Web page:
Recently, a mother of a Digital Harbor High School student in Baltimore, Md., was shocked and dismayed to discover that her daughter was suffering complications from an implanted birth control device that she didn’t even know was there. Nicole Lambert’s then-sixteen-year-old daughter was complaining of arm pain, so her mother took her to the pediatrician, who discovered that an improperly inserted Nexplanon birth control device was the culprit. It was the school nurse who inserted it.
A mother learned her 16-year-old daughter received a birth control implant at school after the teen started complaining about headaches and a pain in her arm.https://t.co/Qh2K2z4xYA
— WMAR-2 News (@WMAR2News) October 1, 2019
PJ Media reached out to the Lambert’s attorney, David Ledyard, for comment. “There’s no transparency in the training or certification of the school health centers,” he said. “Are they looking at the medical history of the students and doing a full workup before implanting these devices? What is the certification process and training of the nurses?”
Ledyard has been trying to get this information from the school but has been stonewalled for over a month. Lambert has put in a formal request for her daughter’s medical file, but the school has yet to turn it over.
“It’s important to [the mother] that this is not about birth control. If her daughter had needed it, she would have consented to get it,” said Ledyard. Lambert’s main issue is with what the school did — implanting Nexplanon is an invasive procedure that should require oversight by a parent. The mother told ABC, “They call me for Tylenol, but they don’t call me about birth control.” And in this case, it caused a major problem that required surgical removal.
Unfortunately, a law in Maryland makes it possible for minors to consent to invasive procedures without parental consent.
A minor has the same capacity as an adult to consent to:
(1) Treatment for or advice about drug abuse;
(2) Treatment for or advice about alcoholism;
(3) Treatment for or advice about venereal disease;
(4) Treatment for or advice about pregnancy;
(5) Treatment for or advice about contraception other than sterilization;
(6) Physical examination and treatment of injuries from an alleged rape or sexual offense;
(7) Physical examination to obtain evidence of an alleged rape or sexual offense; and
(8) Initial medical screening and physical examination on and after admission of the minor into a detention center.
Unbelievably, the device could not be removed without Lambert’s consent. The surgery to remove the device also removed damaged tissue and skin caused by the Nexplanon. Merck, the maker of the device, is open about possible complications that come with this particular form of birth control. First, it’s not even approved for use by anyone under the age of eighteen and has never been tested on a younger population. Second, there are many risks, including blood-clotting, depression, mood swings, injury to nerves or blood vessels in the arm, scar tissue, infection, keloids, ectopic pregnancies, ovarian cysts, breast cancer, blindness, stroke, heart attack, and death. (There’s more on the website here.)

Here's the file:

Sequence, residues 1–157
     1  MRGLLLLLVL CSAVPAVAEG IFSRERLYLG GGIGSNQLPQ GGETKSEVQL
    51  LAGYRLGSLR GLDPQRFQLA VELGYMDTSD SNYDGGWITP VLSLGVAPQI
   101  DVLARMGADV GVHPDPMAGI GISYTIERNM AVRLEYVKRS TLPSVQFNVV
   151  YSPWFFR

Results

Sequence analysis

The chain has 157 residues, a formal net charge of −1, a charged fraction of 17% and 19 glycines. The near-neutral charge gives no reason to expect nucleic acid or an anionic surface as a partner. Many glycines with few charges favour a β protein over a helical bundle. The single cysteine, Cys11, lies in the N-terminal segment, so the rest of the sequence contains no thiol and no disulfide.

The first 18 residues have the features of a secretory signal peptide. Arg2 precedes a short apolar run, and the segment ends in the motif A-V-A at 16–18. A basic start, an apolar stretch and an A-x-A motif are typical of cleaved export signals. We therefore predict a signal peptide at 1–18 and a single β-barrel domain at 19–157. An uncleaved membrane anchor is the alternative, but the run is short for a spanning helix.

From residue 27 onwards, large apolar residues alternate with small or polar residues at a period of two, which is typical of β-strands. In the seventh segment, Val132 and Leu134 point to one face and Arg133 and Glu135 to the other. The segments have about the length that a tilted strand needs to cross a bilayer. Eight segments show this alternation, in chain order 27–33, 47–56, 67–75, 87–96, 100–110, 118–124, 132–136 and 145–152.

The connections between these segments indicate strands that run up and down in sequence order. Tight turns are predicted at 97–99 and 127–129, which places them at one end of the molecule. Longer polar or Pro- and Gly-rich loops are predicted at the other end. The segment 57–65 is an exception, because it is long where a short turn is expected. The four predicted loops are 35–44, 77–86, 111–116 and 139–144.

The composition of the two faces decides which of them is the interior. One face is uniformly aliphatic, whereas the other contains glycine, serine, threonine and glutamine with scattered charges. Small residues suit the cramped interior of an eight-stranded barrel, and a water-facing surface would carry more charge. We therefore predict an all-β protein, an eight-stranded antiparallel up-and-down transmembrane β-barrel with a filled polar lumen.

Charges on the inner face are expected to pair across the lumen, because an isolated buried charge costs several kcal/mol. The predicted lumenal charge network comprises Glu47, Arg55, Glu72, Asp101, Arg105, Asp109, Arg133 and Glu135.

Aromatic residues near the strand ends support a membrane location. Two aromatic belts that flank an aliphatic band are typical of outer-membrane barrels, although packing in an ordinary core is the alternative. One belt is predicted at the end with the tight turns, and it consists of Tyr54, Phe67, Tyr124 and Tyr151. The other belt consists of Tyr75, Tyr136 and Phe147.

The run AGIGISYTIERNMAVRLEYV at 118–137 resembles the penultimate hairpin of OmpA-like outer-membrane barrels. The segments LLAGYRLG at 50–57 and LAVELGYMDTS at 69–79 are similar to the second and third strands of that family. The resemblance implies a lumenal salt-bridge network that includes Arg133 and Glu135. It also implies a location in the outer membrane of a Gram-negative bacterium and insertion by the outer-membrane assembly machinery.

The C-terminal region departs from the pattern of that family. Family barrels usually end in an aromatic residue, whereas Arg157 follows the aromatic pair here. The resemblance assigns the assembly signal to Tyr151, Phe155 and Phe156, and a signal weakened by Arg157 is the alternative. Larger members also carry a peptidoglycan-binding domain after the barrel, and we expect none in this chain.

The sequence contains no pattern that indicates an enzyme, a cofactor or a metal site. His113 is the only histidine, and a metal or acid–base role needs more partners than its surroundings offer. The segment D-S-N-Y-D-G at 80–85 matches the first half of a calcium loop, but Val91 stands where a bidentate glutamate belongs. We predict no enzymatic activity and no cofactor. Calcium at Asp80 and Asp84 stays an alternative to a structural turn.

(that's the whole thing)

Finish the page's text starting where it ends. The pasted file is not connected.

The Nexplanon device has faced many difficulties since being put on the market. The first generation was pulled because of too many lawsuits. The second generation didn’t fare much better. While the third generation is currently on the market, it is not without issues, like the one Lambert’s daughter suffered.
ABC News in Baltimore sent FOIA requests to the school and the health department, but was told that because of pending litigation they could not release information. Ledyard said he wasn’t aware of any pending lawsuits. “I looked for pending litigation, but I didn’t find any. It’s possible it’s listed under a different name and I’m searching the wrong thing, but so far, there’s nothing coming up.” The attorney, who has not filed a lawsuit yet, is hoping the school will be transparent about the risks to students and the policies that led to this disaster.
PJ Media reached out to Digital Harbor High School for comment but received no response at the time of publishing. We will update if that changes.
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